Surveys of institutional investors suggest the worst outcome is no outcome at all. We think these fears are down to the stimulus lacuna. While the result is still contested, additional fiscal stimulus is unlikely to happen. This would be risky even in the absence of any other bad news, but it could be very problematic if the economy or the virus took a turn for the worse during that time. That said, while delayed stimulus increases the risk of permanent economic scarring, the long-term effect is likely to be relatively small.
The Democratic ‘clean sweep’ – investors’ second-biggest fear
The second most adverse scenario for markets according to the investor surveys is a Democratic clean sweep – Biden in the White House, Democrats controlling both chambers in Congress. Some 23% of respondents to a poll by Citi expect US equities to fall by >10%, with another 25% expecting a 5%-10% fall.
Biden’s agenda is more left-leaning than usual Democratic presidents but fiscal policy is likely to stay very loose under both Trump and Biden. Its distribution will change materially but not its scale. Historically, a presidential candidate committing to very loose fiscal policy would have caused markets to expect tighter monetary policy. But the Fed has committed to holding interest rates near zero until the end of 2023, even if inflation rises above 2%. As such, it could be as simple as; the outcome with the most stimulatory fiscal policy is the most positive for markets.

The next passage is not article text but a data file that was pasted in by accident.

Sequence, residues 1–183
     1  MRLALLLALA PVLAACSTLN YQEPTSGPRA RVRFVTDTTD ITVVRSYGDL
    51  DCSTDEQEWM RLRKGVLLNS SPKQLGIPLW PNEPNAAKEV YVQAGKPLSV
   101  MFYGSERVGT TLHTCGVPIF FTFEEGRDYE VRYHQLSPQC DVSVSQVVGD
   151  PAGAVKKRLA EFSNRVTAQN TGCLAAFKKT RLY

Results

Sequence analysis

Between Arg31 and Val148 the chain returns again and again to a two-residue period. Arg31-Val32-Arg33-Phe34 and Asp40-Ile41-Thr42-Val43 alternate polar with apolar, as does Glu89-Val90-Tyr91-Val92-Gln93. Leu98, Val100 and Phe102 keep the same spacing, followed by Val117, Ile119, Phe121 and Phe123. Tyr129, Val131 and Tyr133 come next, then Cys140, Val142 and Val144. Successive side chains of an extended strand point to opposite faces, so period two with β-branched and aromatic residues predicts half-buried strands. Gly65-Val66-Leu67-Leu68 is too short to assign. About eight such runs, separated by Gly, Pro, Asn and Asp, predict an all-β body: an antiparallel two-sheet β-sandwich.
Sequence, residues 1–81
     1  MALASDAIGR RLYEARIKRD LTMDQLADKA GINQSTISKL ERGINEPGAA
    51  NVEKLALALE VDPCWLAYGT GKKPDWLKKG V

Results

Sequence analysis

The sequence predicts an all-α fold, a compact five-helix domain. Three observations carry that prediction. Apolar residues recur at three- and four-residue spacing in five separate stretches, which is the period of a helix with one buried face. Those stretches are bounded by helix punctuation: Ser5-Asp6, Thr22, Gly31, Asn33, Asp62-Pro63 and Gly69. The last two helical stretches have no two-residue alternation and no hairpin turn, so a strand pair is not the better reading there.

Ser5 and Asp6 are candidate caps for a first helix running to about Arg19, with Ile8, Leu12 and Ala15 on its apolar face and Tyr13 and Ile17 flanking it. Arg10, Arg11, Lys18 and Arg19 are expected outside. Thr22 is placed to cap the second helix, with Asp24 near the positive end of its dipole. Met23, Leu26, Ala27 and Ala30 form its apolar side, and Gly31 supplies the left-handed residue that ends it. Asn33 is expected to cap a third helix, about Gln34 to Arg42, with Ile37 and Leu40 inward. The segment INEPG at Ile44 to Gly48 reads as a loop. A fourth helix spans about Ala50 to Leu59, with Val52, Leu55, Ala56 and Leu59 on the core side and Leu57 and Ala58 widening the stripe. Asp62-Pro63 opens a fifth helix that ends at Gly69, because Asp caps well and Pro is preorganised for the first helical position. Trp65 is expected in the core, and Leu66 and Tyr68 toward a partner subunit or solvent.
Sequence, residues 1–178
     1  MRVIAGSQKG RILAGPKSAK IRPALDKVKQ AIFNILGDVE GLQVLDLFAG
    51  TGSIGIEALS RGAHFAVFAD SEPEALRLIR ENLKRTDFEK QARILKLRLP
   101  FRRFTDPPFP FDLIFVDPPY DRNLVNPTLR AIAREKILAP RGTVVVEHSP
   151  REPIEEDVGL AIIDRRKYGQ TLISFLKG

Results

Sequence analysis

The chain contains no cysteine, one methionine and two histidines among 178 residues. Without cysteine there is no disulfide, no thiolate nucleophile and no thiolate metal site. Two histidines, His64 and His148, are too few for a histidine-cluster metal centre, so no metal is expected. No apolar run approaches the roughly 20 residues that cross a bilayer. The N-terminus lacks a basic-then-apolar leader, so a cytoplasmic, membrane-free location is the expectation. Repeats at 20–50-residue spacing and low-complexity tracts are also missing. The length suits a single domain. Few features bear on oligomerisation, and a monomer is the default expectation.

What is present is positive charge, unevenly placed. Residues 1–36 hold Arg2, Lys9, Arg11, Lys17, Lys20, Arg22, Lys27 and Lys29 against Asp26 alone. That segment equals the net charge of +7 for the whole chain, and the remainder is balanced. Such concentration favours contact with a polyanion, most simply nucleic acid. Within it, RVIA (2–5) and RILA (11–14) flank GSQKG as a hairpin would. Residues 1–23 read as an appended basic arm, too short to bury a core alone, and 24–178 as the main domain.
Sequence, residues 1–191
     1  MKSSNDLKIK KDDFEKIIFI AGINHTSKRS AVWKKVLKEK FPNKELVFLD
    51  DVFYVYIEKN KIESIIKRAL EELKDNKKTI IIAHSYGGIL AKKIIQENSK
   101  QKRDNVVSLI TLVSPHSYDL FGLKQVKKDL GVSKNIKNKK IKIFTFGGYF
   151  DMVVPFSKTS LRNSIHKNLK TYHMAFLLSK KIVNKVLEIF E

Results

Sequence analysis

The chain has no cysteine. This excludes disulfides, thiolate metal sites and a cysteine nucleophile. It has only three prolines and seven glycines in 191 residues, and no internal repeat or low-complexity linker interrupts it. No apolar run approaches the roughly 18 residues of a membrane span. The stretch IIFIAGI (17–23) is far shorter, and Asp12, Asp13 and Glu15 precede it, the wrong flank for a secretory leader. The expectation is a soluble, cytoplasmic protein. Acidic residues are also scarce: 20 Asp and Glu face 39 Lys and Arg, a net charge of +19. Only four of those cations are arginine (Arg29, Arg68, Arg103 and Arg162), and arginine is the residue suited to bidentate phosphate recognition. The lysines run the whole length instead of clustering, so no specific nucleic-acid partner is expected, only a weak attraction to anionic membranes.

Biden White House, split Congress – arguably the best outcome?
Insititional investor surveys suggest this outcome is also likely to cause markets to fall although we think there’s a strong argument for this being a very market-friendly outcome over the medium term. Little changes on the fiscal or monetary policy fronts, while there is no chance that Biden could get through any of his most redistributional agenda items that markets fear the most.
But foreign and trade policy uncertainty will ease significantly. The substance of Biden’s trade policy is similar to Trump’s, at least on China, but the style will change, and the erratic approach will likely be replaced with more measured, rules-based tactics that cooperate once again with the international institutions that have presided over decades of strong corporate profitability.
This change may benefit non-US equity markets more than US markets. Uncertainty has become greater outside of the US than within it. If Trump is elected, uncertainty will likely spike again.